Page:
In Milan, Rome, Naples, Piacenza, Catanzaro, Varese and Catania we continue to pack and distribute parcels, working with local organisations to help those in need every week.
“No photos here. Nobody likes to be photographed. These people are not a tourist attraction”.
Our cultural mediator Ousmane makes sure we understand this. We’re visiting the makeshift camps in the Rosarno area, Calabria, where migrants who come to the area annually to harvest oranges every year live.
With us is Loredana, another cultural mediator.
“Ciao Loredana! Comment ça va?”.
It’s the voice of a young man who is walking towards us with a big smile. They start talking and I immediately find out how they know each other: three years ago, Loredana worked in the countryside in Foggia and that’s where she met M., 26 years old, from Mali.
“When the tomato season in Apulia ended, I kept looking for work in Italy. Some time passed, but I found nothing. I knew that I was going to find better working conditions and a better salary abroad, so I tried moving to France. But the police stopped me and forced me back to Italy. So I tried again, and this time I managed to arrive in Spain. I worked in Murcia for a few months and…”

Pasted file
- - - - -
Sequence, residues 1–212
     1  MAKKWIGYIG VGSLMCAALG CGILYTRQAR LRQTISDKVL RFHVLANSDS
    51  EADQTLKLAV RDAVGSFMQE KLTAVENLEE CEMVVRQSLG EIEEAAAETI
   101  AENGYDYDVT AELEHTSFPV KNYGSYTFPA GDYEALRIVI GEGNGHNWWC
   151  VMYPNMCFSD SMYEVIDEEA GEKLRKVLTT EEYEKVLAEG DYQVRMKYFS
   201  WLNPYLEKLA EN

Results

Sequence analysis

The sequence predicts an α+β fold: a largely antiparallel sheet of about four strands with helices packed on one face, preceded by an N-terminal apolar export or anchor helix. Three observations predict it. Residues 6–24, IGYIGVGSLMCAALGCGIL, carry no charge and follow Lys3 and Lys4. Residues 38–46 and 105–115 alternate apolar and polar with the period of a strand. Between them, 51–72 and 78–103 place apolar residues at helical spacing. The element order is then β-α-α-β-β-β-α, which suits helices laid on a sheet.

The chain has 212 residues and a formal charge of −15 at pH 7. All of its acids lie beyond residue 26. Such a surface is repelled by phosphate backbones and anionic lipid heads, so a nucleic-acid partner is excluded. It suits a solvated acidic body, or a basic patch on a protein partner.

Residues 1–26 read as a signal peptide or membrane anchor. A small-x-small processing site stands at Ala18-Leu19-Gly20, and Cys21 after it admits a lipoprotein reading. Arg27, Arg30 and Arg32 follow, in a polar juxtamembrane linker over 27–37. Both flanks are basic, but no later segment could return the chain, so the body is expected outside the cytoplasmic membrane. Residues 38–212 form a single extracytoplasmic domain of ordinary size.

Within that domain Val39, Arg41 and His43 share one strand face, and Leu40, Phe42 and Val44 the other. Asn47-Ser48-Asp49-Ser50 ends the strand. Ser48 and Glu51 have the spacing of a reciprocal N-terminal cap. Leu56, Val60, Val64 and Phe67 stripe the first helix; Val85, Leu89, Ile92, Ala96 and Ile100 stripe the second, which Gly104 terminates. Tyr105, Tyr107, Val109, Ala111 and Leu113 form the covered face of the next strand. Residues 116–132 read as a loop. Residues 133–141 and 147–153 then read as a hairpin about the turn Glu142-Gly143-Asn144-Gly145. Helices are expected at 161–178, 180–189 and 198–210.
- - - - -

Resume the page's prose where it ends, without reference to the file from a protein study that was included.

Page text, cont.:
I instinctively stop him “Ah vraiment, á Murcia?” “Oui, oui! Tu connais Murcia?”, answers M. with a contagious smile. “Yes! I lived there for six months, during my Erasmus!” I go on.
Loredana continues her conversation for a few minutes and my mind starts wandering. “What did I just tell him?”, I start asking myself. I thought about that question many times.
In Spain, I had one of the best experiences of my university years, as did many of my peers from across Europe and from around the world. M. found himself in that same place but in completely different conditions. The borders that were wide open for me were closed for him.
I said what I said without thinking, just to find something in common with him, as you do with strangers.
But the truth is that I felt ashamed. I felt ashamed because I dared telling him that those borders can open for me with a simple piece of paper, but for him they are a wall without a door, that he can only climb with difficulty, hoping that he won’t be pushed back down.
I felt ashamed because I couldn’t have offered an explanation for that difference in opportunities. Mine and his.
Caterina, EMERGENCY staff